Those looking to rent a decent two-bedroom apartment in Texas must earn $2,880 monthly, according to a recent study. For those working for a minimum wage in Texas, that means a 92-hour work week. These numbers, which are based off the U.S. Department of Housing and Urban Development’s fair market rent estimates and the assumption that renters won’t pay more than 30 percent of their income on housing, come from a new report from the National Low Income Housing Coalition. The study maps how hourly wages account for rental costs in all 50 states and found that in no state can a minimum wage worker afford a single bedroom rental unit working only 40 hours a week.

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San Antonio Business Journal - July 24, 2015

Trans-Pacific Partnership would benefit Texas jobs, exports, study found

A new study from Business Roundtable found that U.S. trade with 11 other countries involved in the U.S. Trans-Pacific Partnership negotiations supported 1.2 million jobs in Texas in 2013. “As the United States and 11 other countries seek to conclude the Trans-Pacific Partnership trade agreement, it is critical to understand the TPP’s importance for economic growth and jobs in all 50 states,” said Tom Linebarger,Chairman and Chief Executive Officer of Cummins Inc., and chair of the Business Roundtable International Engagement Committee. “This agreement holds significant potential to create new opportunities for Texas exporters to sell their goods and services abroad.”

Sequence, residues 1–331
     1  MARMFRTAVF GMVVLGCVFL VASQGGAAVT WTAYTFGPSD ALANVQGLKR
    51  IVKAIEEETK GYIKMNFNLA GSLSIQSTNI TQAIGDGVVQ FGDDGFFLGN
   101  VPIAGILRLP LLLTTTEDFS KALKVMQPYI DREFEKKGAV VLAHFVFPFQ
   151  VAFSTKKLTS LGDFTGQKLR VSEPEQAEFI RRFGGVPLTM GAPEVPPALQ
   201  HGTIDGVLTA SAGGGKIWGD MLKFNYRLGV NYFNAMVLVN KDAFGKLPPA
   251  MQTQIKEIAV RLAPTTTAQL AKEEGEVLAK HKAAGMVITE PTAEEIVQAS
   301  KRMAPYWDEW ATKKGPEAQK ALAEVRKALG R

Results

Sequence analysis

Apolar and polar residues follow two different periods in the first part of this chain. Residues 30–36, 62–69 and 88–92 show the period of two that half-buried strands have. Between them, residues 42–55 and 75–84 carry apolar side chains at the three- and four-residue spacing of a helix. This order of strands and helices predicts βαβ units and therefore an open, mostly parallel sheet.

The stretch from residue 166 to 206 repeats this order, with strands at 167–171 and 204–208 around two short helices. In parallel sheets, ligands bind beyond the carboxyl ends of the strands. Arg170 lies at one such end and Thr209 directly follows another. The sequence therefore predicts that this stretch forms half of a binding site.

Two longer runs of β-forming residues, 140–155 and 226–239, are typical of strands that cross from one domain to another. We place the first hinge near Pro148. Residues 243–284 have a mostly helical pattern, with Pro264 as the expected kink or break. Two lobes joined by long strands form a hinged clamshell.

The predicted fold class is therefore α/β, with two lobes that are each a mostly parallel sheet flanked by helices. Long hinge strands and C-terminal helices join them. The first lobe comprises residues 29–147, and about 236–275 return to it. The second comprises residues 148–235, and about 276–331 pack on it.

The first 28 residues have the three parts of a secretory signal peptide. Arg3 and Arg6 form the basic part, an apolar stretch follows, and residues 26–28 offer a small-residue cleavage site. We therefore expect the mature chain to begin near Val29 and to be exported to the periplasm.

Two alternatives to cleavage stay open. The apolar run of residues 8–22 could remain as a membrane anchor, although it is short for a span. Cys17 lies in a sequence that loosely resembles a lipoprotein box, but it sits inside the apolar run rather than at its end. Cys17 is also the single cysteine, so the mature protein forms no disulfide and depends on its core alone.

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D Magazine - July 24, 2015

Kaiser Health News: Texas Taxpayers Losing Big When State Balks At Medicaid Expansion, Alternative

Kaiser Health News recently used Dallas County as a model for how taxpayers are overpaying for uncompensated healthcare because of their state’s refusal to expand Medicaid or agree on an alternative. As the nonprofit notes, Texas and the 20 other states that haven’t expanded the program under the Affordable Care Act are forcing residents not only to pay a portion of the taxes for the uninsured, but also the cost of Medicaid expansion in the states that have chosen to do so. Last year, Dallas County property owners paid $467 million in taxes for care provided at Parkland Health & Hospital System.

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San Antonio Express News - July 25, 2015

SAEN: American justice is not all that blind

Mass incarceration policies in the United States must end. Fortunately, there seems to be bipartisan agreement about that, highlighted this monthby President Barack Obama’s call during a visit to a federal prison in Oklahoma. What the president pointed out is part of the sad history of justice in contemporary America. Our system of arrests, convictions and sentencing has become, as one book has noted, the “new Jim Crow.”